companies that employ the formerly incarcerated
October 23, 2017
By Katie Mitchell / Wear Your Voice*, AFROPUNK Contributor
Swap one of the current brands you buy from for one of the companies featured below.
Ironically nicknamed Land of the Free, the United States is the world’s #1 jailer. The U.S. represents only five percent of the world’s population, but 25 percent of the world’s inmates are here. By the close of 2010, America had 1,267,000 people behind bars in state prisons, 744,500 in local jails, and 216,900 in federal facilities—more than 2.2 million people in total. 1 in 5 inmates are low level drug offenders, and Black people are 10 times more likely to be incarcerated for drugs than whites despite using drugs at roughly the same rates.
Those who are released from prison are often still under state surveillance, and as a consequence, they are subject to discrimination that contributes to America’s 76 percent recidivism rate. Most people who were incarcerated are required to have employment as a condition of their parole. Employers, however, are allowed to screen people with felonies during the application process, making it difficult for formerly incarcerated folks to get a job and feed themselves and their families.
Below is a list of companies that work to empower the formerly incarcerated with training, jobs, and skills that they can take into the job market. Supporting companies that are doing the work of getting people who have been incarcerated a chance to work is necessary for our communities. Swap one of the current brands you buy from for one of the companies featured below. You’ll get a great product that is securing the economic health of vulnerable members of our society.
Located in Yonkers, New York, Greyston Bakery has been providing opportunities to folks regardless of their background and work history for over 35 years. Greyston creates thriving communities through the practice and promotion of Open Hiring, meaning those with a felony on their record or other challenges that would normally be an obstacle in gaining employment are welcomed and encouraged to apply. The folks at Greyston are interested in developing people’s natural talents and abilities. Their interest in socially responsible business and growing awareness of the massive economic dysfunction driven by poverty, recidivism and a lack of job opportunities for people with barriers was a perfect match for Ben and Jerry’s, another socially responsible brand. You can find Greyston brownies in Ben and Jerry’s ice cream. They also have products in Whole Foods.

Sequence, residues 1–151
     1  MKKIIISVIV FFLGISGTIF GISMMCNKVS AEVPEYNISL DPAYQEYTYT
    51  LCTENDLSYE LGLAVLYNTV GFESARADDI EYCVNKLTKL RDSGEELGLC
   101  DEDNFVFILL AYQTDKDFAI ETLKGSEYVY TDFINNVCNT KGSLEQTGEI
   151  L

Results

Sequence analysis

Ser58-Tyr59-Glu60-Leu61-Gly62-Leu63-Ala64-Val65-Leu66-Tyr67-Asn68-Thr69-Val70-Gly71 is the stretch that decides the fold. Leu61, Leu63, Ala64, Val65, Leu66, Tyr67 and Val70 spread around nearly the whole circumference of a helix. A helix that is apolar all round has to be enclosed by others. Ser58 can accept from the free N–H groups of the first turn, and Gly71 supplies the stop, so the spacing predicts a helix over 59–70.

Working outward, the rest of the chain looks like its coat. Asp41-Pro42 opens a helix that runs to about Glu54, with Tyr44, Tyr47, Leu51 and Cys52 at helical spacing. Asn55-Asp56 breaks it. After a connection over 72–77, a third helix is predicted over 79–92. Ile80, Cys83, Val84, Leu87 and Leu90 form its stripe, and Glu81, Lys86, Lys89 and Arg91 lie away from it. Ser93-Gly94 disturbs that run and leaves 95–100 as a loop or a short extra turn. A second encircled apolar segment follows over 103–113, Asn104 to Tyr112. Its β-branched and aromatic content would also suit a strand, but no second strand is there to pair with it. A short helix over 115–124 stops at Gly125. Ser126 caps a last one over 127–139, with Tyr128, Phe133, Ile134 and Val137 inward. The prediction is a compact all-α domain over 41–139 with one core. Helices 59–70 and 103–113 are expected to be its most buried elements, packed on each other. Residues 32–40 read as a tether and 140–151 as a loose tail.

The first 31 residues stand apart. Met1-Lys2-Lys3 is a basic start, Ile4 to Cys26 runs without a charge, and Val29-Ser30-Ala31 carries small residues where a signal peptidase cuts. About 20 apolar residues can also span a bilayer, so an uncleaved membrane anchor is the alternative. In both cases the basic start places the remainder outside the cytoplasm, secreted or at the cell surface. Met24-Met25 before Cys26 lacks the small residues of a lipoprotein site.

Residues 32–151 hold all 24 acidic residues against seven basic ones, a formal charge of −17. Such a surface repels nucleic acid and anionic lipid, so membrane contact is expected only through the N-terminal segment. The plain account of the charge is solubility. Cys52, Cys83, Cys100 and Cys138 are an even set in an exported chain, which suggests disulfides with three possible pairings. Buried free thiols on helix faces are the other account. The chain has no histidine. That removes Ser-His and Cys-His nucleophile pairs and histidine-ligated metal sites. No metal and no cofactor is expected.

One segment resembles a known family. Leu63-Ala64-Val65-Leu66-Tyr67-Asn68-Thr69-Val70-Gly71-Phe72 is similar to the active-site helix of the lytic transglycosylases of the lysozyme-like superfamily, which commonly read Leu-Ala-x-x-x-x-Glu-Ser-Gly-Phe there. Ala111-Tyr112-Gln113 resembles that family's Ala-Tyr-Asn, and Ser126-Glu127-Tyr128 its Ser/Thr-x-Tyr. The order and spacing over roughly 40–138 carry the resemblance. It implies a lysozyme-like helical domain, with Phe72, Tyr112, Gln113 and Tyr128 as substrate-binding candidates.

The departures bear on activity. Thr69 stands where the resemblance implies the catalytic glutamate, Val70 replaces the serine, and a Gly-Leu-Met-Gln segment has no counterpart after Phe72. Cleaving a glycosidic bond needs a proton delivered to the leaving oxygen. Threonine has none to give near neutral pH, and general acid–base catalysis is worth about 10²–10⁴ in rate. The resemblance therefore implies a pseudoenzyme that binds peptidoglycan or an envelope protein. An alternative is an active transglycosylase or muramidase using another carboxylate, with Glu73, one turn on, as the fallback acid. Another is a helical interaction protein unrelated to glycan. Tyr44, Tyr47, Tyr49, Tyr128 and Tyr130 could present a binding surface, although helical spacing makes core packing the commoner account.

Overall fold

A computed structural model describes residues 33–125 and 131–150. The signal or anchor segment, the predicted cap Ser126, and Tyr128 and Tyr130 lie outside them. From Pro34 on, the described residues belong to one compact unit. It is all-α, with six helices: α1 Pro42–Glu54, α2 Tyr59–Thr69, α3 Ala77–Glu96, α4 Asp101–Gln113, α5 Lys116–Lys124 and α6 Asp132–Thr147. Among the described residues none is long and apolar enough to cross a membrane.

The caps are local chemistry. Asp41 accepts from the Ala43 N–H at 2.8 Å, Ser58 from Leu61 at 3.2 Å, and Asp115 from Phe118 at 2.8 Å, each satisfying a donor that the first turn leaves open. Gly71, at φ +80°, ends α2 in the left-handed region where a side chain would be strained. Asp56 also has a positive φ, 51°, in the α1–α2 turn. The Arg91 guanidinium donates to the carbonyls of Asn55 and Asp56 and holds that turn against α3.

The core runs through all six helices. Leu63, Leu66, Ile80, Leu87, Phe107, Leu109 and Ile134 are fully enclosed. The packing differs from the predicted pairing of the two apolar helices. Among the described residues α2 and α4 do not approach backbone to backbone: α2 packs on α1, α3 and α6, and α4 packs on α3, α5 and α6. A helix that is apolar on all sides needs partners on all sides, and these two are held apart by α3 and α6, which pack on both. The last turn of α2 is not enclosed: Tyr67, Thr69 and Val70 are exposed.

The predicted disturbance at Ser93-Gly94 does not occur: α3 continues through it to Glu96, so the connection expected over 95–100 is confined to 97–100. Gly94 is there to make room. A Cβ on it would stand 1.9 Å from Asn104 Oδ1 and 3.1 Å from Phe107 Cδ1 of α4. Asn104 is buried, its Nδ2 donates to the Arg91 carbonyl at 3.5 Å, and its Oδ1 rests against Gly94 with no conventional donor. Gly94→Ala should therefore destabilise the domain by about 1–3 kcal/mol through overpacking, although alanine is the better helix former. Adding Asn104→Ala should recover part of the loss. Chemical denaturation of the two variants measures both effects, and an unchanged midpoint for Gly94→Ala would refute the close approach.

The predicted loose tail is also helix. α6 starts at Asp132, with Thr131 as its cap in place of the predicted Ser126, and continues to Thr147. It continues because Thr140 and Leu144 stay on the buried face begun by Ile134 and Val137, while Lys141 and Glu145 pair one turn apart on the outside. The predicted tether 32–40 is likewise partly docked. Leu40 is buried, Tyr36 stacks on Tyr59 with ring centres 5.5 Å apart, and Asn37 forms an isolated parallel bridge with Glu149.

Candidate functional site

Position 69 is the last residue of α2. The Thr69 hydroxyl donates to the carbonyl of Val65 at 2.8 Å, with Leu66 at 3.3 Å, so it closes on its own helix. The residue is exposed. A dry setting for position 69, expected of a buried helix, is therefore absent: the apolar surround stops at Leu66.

Sweet Beginnings, LLC produces the beelove family of products, an all natural line of raw honey and honey-infused body care products. Sweet Beginnings offers full-time transitional jobs for formerly incarcerated individuals and others with significant barriers to employment in a green industry. Beelove’s products include honey and a skincare line. Created in Chicago, beelove’s honey has a sweet, subtle flavor that makes all recipes that call for honey that much better. Beelove’s skincare line is infused with their honey, creating moisturizing lotions, scrubs, body washes, lip balm, and more. Purchasing any of beelove’s products helps people facing significant barriers to employment, particularly those with histories of criminal conviction. Each purchase provides viable opportunities for individuals to establish a work history, learn productive work habits, and gain marketable skills.
Located in Brooklyn, New York, Refoundry is a not-for-profit that trains formerly incarcerated people to repurpose discarded materials into home furnishings and incubates participants into their own businesses. Refoundry is on a mission to reduce our nation’s staggering prison population and recidivism rate by establishing a cost-efficient and scalable model that can empower those most affected by our broken criminal justice system to transform their lives and their communities. Refoundry’s core pillars of collaboration, self-reliance, and entrepreneurship have allowed them to empower disenfranchised folks and make some amazing furniture in the process. You can purchase tables, shelves, mirrors, and many more furnishing from Refoundry’s talented entrepreneurs.
Clean360’s program alums describe it as a “home away from home.” Located in Oakland, California, Clean360 is a social enterprise that creates small batch, handcrafted soaps from the finest ingredients in its workshop and retail location. One hundred percent of the proceeds from the sales of Clean360 soap are used to grow and sustain the Emancipators Initiative, a workforce development program out of the Roots Community Health Center. Clean360’s soaps are all natural and affordable and their purchase goes to helping others. Supporting this business is a win-win-win.
Founded in 1992 shortly after the LA riots, Homeboy Industries started as a training ground for aspiring bakers. Today, 25 years later, Homeboy Industries provides hope, training, and support to formerly gang-involved and recently incarcerated folks. Homeboy allows its employees to redirect their lives and become contributing members to society. To date, Homeboy has engaged more than 120,000 gang members. The cookies, pastries, and cakes made at Homeboy are made with 100% European butter and specialty and seasonal holiday items are available each season. Luckily, you don’t have to be in LA to enjoy Homeboy’s baked goods. They guarantee shipping nationwide, and all proceeds benefit former gang members whose lives are being transformed through comprehensive job training and wrap-around services.
Do you know of any companies that work with the formerly incarcerated we didn’t list? Please tell us about their work and link to their website in the comments!
*This post originally appeared on Wear Your Voice
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